With record-breaking temperatures, the risks for workers are becoming more apparent. Workers who engage in outdoor roles are facing health effects that require immediate intervention. What is becoming clearer is that, despite the duration, heat exposure must be continually monitored and workers must be provided with the necessary protective equipment to reduce exposure. Climate change has drastically affected heat levels globally. The contribution of greenhouse gases has created a warming effect on the atmosphere and accelerates the occurrence of hotter than usual types of days.

John Johnson, a 56-year-old fisherman in Andros, The Bahamas, has recognised how temperatures are changing. He said, “With the spike in temperature this summer alone, it’s been a lot. Last year was hot, and we adjusted based on that. Some days we would have shorter times on the water. This entire summer has been hot, so we had to adjust a lot. Some weeks we did two weekdays and a weekend, for example, to maintain our quota. On days when it’s really hot, we don’t dive for a conch because the water temperature is too hot.”

Climate change exacerbates weather fluctuations, heightening risks for workers exposed to extreme heat.

Despite the reductions in work schedules, the high temperatures that John was exposed to created several health symptoms. He said, “Personally, it’s been a rise in headaches and dizziness. Some days I used to be out a lot, and that was before I took it as seriously. By the time I got home, my head was swinging, my eyes hurt, I was throwing up, and I was unbalanced. I was told I had something like sun poisoning, and I didn’t even know that was a thing.”

John’s experiences show how rising temperatures are severely impacting not only the land but oceanic spaces as well. As temperatures rise, this leads to ocean warming, which poses risks for marine species, exacerbates sea-level rise, and disrupts the daily schedules of marine workers.

These effects have been vocalised regularly, but what are the potential solutions? For workers who must engage in these environments regularly, how can they be protected from such exposure?

Climate change exacerbates weather fluctuations, heightening risks for workers exposed to extreme heat.

Workers such as Jacqulyn have adopted actions to reduce exposure. She said, “I use a hat because the sun is damaging my skin by discoloration. I use sunblock a lot and wear a long-sleeved jacket over my jersey to cover my hands. My hands have gotten sunburns bad. I also use gloves on my hands because my fingers get sunburns and tall socks and boots for my feet to avoid sunburns by my ankles.” John has also found strategies to reduce risk while at sea. He said, ”I try to limit my sun and heat exposure as much as possible when possible. On our boats, it is mandatory to have sunscreen, water, a hat, a buffer, Gatorade, and ample food supplies.”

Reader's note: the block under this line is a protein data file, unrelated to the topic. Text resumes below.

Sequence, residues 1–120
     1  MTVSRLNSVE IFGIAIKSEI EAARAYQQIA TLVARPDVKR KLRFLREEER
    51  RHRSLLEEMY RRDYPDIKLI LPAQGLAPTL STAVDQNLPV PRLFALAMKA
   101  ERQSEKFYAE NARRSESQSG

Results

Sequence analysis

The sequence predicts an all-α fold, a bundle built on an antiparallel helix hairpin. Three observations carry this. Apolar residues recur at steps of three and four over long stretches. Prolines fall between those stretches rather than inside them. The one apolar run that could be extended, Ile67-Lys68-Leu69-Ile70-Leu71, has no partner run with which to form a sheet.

Whether it’s on land or at sea, workers are utilising efficient ways to reduce exposure at a personal level. Lawrence recommended that workers wear light-coloured clothing to keep the body cooler and consume room-temperature water. Workers have utilised equipment and facilities to reduce their exposure based on their accessibility, but this must be supplemented with additional risk-reduction strategies by governing and corporate bodies. Natifah recommended shortening exposure time, allowing frequent breaks, and resting. She also recommended the implementation of tarps and umbrellas to provide adequate shade.

A solution-based approach towards heat exposure reduction for workers must be holistic. It requires all personnel to adopt principles that account for the impact of climate change on workers and make decisions that are centred around their safety and well-being. In any environment, workers are impacted by climate change and events that alter the conditions in which they work. It’s through understanding this that inclusive decisions can be made at a local, regional, and international level, as well as through legislative and occupational frameworks.

This story was published by News 5 Belize with the support of the Caribbean Climate Justice Journalism Fellowship, which is a joint venture between Climate Tracker and Open Society Foundations.


Picture of Princess Charles

Princess Charles

Princess is a Trinidadian writer and blogger with articles in the fields of human rights, labour laws, and occupational safety and health. She is an advocate for labour rights, mental health, disability rights, and climate justice. With a degree in Occupational Safety and Health, she centres her work on providing safer spaces and risk-reduction strategies for communities and the environment.